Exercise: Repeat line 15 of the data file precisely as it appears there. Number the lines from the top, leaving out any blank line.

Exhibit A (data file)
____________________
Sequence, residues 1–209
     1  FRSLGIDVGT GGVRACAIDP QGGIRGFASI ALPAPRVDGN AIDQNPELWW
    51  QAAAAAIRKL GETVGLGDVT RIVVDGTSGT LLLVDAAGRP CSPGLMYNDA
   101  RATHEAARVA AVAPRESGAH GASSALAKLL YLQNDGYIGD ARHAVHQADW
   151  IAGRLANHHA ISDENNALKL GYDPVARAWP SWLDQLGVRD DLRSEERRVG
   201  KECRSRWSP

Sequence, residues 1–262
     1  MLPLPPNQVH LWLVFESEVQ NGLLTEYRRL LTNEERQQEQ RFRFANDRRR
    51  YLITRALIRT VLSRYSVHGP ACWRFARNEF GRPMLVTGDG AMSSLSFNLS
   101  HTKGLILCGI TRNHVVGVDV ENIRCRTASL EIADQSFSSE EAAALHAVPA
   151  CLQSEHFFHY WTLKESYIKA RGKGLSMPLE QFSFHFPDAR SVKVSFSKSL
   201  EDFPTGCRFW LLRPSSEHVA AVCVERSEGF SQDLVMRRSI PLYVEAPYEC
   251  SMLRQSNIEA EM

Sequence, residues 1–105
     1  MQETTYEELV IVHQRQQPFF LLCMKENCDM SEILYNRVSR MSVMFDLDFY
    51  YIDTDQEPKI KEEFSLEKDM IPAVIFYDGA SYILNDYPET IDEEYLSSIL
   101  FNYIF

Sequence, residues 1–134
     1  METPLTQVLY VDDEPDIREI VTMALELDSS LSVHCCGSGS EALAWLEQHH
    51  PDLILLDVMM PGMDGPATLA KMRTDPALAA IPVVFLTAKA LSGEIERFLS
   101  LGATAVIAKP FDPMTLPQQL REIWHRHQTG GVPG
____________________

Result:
     1  MQETTYEELV IVHQRQQPFF LLCMKENCDM SEILYNRVSR MSVMFDLDFY